Earmarks = Jobs
Mon October 12, 2009 12:16 am

Of all the sniping that has gone on between the Perry and Hutchison campaigns, the skirmish that I find to be the most dismaying—and the worst for Texas—is the Perry campaign’s attack on Hutchison for her success in getting funding for designated federal projects in the state, popularly (or unpopularly) known as earmarks. The attack is completely cynical, since earmarks benefit the state that he governs. They are a device that allow the state to recoup money that it sends to Washington. Is Perry against this? Which earmarks would he reject? What funds would he return to the federal government that he loves to criticize?

The campaign’s attack on Hutchison said, “[H]er support of earmarks and pork-barrel projects has led to the near tripling of our nation’s debt.” Isn’t it amazing how much damage one senator can do. Here I thought the tripling of our national debt was due to George W. Bush’s financing a war by borrowing from China and Saudi Arabia instead of asking Americans to pay for it, or because he bestowed gazillions of dollars on banks, or because Barack Obama bought himself an automobile company for the federal government to run. Apparently not. It’s the $2 million for a visitor’s center at the Palo Alto civil war battlefield site near Brownsville that’s going to break us. Or maybe it is the $725,000 that would allow Dallas Children’s Medical Center to build and equip a lab for enterovirus testing, which would allow doctors to more quickly diagnose bacterial or virus-borne illness. Now there’s waste, fraud, and abuse for you.

In the absence of earmarks, federal agencies can decide whether or not to fund a project. An earmark puts the decision in the hands of elected officials, who can require that the money be spent for the designated purpose. I think that is a good thing. I would rather have decisions about spending made in Texas, or in the office of a public official from Texas, than in Washington. In most cases, the earmark reflects the desires of local interests. That is a good thing too. Local leaders should decide what is best for their communities, and elected officials should carry out their will.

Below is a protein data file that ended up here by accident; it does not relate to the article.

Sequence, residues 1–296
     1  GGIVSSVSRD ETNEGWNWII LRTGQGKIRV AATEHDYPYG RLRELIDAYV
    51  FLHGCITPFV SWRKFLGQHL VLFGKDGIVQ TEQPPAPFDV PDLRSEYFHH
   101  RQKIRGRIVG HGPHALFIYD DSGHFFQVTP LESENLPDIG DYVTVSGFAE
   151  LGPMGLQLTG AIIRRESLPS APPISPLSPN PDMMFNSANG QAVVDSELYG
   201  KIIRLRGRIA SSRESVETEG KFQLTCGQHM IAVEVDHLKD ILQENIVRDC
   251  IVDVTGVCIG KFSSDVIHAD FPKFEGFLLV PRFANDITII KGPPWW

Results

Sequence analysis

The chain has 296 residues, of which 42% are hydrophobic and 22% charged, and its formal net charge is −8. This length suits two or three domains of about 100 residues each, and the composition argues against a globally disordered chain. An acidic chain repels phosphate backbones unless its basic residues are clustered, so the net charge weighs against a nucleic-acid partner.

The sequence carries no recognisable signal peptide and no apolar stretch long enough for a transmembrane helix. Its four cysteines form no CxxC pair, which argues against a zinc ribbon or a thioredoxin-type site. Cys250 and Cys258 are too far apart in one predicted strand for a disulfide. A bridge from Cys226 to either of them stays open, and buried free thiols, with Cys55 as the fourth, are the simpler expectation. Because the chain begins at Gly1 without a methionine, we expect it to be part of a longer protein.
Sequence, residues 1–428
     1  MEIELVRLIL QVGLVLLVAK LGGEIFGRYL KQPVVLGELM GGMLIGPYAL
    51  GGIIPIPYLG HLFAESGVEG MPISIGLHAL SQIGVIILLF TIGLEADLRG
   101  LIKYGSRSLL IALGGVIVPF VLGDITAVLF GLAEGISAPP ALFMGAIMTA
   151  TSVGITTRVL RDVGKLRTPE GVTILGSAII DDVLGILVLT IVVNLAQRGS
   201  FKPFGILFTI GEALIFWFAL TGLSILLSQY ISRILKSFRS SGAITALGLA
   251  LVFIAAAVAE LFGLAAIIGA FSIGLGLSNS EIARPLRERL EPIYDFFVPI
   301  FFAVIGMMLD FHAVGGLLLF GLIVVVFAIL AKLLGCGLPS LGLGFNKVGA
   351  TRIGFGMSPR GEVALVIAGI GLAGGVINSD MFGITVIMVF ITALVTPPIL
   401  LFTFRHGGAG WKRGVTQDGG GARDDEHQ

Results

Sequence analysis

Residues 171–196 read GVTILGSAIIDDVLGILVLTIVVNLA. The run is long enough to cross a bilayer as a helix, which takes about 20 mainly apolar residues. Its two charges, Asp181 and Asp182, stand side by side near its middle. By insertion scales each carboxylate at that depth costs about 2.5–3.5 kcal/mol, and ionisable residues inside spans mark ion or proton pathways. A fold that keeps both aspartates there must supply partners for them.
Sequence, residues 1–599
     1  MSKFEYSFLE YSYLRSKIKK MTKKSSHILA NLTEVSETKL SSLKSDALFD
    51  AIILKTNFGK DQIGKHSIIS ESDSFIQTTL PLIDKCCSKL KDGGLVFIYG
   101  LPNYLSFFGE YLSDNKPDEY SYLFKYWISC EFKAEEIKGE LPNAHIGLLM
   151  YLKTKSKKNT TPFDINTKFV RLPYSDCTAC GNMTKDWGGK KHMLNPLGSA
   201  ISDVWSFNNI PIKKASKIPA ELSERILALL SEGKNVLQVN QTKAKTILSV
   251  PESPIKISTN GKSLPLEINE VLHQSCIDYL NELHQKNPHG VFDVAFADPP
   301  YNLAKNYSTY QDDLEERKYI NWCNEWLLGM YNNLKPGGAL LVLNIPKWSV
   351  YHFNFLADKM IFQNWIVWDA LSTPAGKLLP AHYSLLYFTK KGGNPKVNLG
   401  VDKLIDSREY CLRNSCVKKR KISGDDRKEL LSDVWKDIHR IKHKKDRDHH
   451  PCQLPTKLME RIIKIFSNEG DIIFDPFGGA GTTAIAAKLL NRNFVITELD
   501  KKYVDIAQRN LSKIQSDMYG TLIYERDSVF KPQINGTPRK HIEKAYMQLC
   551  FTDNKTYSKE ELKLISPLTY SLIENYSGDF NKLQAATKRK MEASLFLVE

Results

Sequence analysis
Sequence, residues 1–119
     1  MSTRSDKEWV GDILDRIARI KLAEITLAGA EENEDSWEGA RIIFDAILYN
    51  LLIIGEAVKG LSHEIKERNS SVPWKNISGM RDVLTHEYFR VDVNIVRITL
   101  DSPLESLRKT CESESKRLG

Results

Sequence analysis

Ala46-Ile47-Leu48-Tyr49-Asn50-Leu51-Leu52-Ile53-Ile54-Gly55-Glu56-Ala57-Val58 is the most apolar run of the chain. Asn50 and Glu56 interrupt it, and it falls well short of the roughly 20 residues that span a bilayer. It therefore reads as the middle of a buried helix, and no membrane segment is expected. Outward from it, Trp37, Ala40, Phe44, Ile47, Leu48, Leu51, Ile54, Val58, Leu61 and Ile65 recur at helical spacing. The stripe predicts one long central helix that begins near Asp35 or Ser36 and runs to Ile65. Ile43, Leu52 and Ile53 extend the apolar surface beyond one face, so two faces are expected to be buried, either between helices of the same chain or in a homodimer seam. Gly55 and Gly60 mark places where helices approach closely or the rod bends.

Earmarks create jobs. Some contractor is going to build the visitor center at Palo Alto battlefield. The contractor is going to hire workers. His payroll, flush with federal tax dollars, will pump money into his community. Governor Perry has not hesitated to use tax dollars, by the tens of millions, for Enterprise Fund projects that he believes will create jobs. What is the difference between the Enterprise Fund and earmarks, except that Governor Perry gets to pick the winners? The outcome is the same: tax dollars are being used to generate economic activity that creates jobs. Why hasn’t the Hutchison campaign made this argument?

A story in the Dallas Morning News listed some of the projects Hutchison had secured funding for over the years. Among them were:

* $13.6 million for a fitness center at Randolph Air Force Base
* $8.7 million for a child development center at Lackland Air Force Base
* $86 million for a new Rapid Transit line in Dallas
* $39 million for the Trinity River project in Dallas
* Unspecified sums for dredging the Houston Ship Channel

Every one of these projects creates jobs. The new DART line is a huge construction project. It will have economic ramifications that extend beyond payrolls, because it will improve mobility. The Trinity River project is something Dallas leaders have long sought. It too involves major construction. Ports are huge economic engines, and dredging the Houston Ship Channel makes the Port of Houston more accessible to large vessels, increasing the diversity of cargo that can be handled by the port. Texas leaders have always placed a high priority on getting federal money for the state. Does Rick Perry think we ought to give the money for dredging the ship channel back to the Corps of Engineers?

What bothers me about the Perry campaign’s making an issue out of earmarks is that it creates a political climate that will hurt Texas in the long run.

More Texas Monthly

Loading, please wait...

Most Read

  • Viewed
  • Past:
  • 1 week